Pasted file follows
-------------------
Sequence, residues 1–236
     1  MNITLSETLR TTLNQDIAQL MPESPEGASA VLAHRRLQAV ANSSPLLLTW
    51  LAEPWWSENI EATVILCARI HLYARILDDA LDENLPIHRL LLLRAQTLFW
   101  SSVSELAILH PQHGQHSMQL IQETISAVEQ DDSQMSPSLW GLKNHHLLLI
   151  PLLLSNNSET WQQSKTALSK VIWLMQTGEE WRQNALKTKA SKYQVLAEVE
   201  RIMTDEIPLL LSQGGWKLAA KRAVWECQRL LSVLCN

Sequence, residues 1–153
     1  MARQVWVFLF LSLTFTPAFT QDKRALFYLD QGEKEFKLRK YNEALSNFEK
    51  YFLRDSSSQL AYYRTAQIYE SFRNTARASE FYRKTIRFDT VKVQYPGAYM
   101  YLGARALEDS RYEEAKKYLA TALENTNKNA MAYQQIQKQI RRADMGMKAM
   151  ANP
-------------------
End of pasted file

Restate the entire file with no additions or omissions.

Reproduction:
Sequence, residues 1–236
     1  MNITLSETLR TTLNQDIAQL MPESPEGASA VLAHRRLQAV ANSSPLLLTW
    51  LAEPWWSENI EATVILCARI HLYARILDDA LDENLPIHRL LLLRAQTLFW
   101  SSVSELAILH PQHGQHSMQL IQETISAVEQ DDSQMSPSLW GLKNHHLLLI
   151  PLLLSNNSET WQQSKTALSK VIWLMQTGEE WRQNALKTKA SKYQVLAEVE
   201  RIMTDEIPLL LSQGGWKLAA KRAVWECQRL LSVLCN

Sequence, residues 1–153
     1  MARQVWVFLF LSLTFTPAFT QDKRALFYLD QGEKEFKLRK YNEALSNFEK
    51  YFLRDSSSQL AYYRTAQIYE SFRNTARASE FYRKTIRFDT VKVQYPGAYM
   101  YLGARALEDS RYEEAKKYLA TALENTNKNA MAYQQIQKQI RRADMGMKAM
   151  ANP